Sunday, March 20, 2011


At LaMarotte we echo Jack Horkheimer’s slogan and We Keep Looking Up! The object of great interest is the sun—but why not also, occasions arising, the moon, specifically the supermoon? Until the other day I’d never heard this word before. I assume that it must be a new coinage by NASA. The moon achieves this status when it comes closest to the earth. Its orbit around our planet isn’t a perfect circle. As it describes an oval around us, its closest point is its perigee (2 in the diagram), its farthest point is its apogee (1). Yesterday the moon came within an hour of its perigee, hence it appeared 14 percent bigger than at its most distant point from us. The following illustrations, courtesy of NASA, shows the differences. That image is part of a tutorial video available at this site.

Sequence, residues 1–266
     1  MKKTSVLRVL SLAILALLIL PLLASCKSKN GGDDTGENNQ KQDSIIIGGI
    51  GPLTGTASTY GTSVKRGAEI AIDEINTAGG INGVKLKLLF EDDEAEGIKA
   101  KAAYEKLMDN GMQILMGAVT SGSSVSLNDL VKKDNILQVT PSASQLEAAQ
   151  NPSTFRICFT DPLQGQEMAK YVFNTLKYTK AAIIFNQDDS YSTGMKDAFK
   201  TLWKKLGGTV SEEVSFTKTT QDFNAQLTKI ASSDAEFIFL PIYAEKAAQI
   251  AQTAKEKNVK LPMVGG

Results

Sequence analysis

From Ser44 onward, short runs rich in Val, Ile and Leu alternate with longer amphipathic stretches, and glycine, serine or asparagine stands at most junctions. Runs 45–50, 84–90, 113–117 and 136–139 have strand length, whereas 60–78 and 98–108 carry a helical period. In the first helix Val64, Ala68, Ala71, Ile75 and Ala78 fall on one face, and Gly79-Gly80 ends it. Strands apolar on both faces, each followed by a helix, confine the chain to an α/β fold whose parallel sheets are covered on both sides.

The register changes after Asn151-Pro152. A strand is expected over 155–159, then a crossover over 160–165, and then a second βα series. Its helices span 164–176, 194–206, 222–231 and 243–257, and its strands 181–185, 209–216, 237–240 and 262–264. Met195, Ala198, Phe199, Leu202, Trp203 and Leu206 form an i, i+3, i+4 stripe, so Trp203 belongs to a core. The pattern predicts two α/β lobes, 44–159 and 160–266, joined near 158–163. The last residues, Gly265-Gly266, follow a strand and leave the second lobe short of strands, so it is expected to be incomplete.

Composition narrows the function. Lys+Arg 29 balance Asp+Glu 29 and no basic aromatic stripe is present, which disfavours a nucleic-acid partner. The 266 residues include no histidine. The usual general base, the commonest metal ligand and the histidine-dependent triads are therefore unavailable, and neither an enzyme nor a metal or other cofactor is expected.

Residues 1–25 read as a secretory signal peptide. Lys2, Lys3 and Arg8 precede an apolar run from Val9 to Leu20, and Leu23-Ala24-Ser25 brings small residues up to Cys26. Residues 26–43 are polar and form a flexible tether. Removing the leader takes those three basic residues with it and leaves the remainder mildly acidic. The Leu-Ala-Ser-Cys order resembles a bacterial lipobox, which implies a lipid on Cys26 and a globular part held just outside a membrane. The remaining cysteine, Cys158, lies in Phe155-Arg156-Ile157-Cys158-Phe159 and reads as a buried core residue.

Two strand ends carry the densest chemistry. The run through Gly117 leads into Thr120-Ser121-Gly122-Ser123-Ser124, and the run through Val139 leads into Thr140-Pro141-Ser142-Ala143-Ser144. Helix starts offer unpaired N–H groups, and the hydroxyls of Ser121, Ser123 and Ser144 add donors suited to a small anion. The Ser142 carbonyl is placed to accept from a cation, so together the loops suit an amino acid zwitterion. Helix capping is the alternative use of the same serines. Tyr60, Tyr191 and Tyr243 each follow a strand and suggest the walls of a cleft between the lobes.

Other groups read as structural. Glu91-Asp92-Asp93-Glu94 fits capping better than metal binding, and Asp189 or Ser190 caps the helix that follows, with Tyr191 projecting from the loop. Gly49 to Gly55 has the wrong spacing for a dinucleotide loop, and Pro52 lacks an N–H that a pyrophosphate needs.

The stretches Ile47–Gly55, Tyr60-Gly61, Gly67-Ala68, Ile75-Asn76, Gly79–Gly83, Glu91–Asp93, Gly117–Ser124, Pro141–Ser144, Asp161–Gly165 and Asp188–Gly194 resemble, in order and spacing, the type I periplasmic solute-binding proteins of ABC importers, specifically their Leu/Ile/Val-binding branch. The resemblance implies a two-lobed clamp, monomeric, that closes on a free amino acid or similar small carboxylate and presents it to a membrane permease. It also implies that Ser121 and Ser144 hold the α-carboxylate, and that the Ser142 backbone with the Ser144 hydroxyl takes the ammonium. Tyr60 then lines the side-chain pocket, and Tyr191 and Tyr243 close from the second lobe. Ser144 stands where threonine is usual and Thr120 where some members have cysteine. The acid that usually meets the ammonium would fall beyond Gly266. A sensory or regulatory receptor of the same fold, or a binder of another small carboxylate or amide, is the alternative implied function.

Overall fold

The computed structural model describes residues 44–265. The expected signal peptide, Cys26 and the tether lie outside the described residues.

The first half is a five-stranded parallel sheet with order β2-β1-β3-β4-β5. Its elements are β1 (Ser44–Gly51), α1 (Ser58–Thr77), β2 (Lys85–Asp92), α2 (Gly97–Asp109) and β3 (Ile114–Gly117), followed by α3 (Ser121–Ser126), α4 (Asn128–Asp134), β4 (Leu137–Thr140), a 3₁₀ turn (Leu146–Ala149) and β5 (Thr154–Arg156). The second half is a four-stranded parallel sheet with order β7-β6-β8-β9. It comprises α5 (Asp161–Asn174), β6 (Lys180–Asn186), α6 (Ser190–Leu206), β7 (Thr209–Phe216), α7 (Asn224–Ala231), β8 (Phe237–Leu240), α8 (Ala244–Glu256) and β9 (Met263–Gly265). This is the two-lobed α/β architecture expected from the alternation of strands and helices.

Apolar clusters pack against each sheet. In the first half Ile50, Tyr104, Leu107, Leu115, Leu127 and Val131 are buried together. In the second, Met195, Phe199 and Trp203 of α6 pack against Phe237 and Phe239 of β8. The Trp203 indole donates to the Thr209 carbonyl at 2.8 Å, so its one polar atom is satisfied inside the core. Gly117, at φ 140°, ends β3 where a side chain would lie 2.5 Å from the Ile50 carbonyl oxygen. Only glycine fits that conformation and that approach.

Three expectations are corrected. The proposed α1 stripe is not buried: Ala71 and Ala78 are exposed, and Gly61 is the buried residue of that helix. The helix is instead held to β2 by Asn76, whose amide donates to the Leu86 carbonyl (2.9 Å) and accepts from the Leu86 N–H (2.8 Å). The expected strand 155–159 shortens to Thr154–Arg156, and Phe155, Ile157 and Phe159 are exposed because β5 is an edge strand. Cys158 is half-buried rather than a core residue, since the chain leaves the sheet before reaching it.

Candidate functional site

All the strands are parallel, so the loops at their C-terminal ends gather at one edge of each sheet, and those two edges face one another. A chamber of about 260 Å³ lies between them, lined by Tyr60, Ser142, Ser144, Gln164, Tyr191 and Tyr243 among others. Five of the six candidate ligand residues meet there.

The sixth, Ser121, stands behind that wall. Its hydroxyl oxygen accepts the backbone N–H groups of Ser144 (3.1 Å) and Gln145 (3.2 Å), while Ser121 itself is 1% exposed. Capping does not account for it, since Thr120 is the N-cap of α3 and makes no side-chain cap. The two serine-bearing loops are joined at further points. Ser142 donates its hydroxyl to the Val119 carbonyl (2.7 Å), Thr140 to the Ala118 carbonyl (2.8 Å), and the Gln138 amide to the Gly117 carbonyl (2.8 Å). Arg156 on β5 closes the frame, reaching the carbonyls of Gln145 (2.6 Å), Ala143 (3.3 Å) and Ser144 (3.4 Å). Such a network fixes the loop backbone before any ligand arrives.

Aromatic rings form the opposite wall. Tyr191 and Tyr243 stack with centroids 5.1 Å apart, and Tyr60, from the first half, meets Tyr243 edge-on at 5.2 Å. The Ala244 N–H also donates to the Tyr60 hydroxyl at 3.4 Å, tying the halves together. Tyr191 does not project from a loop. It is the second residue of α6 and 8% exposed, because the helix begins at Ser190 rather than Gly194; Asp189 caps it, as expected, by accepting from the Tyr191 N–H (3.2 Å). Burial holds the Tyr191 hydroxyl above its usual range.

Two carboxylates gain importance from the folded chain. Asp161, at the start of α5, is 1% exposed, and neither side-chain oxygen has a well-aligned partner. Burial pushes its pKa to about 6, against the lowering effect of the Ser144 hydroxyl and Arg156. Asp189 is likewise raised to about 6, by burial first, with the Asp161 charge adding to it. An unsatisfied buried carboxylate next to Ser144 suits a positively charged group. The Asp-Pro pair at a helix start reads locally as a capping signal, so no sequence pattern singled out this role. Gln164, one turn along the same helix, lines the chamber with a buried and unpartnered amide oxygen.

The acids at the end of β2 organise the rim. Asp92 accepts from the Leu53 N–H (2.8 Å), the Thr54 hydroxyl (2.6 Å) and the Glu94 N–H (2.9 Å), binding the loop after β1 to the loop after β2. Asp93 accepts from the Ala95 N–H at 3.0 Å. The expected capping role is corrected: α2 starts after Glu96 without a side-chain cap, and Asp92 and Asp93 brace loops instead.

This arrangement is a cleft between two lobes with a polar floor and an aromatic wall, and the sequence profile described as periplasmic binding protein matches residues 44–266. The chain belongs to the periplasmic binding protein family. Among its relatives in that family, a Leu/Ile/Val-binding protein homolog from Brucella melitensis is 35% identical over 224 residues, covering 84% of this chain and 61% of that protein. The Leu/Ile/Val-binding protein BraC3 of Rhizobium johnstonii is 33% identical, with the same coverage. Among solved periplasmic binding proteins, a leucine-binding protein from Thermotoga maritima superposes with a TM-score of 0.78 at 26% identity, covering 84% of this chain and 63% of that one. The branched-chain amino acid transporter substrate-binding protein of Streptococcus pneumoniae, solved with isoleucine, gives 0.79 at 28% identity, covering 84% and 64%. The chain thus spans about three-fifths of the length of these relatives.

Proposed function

We were out there, Brigitte and I, in the dark, overlooking Lake Saint Claire, at 8:08 p.m., moonrise time. Ages ago once, vacationing on the Atlantic in Virginia, we’d once risen before dawn to see the sun rise over the ocean—and had been disappointed. Ocean haze hid the sun until it was way, way above the water line. We were therefore patient when 8:08 came and went and the sky remained as dark as ever. Finally, about five minutes late, a tiny red semi-circle became visible. The supermoon then rose. NASA is right. We couldn’t detect, by naked eye, that we were looking at a supermoon. But the Muse of All Poets was indeed very lovely. A collage of what we saw, recorded by our little Kodak—but, alas, with a trembling hand—shows how the color changed as the moon ascended. But we didn’t linger long. It was bitter cold out and a wind blew at us, hard, from over Canada way.
Jack Horkheimer is the Executive Director of the Miami Space Transit Planetarium, part of the Miami Science Museum. He is also known as the Star Hustler and, in his spare time, produces a television series known as Star Gazer.

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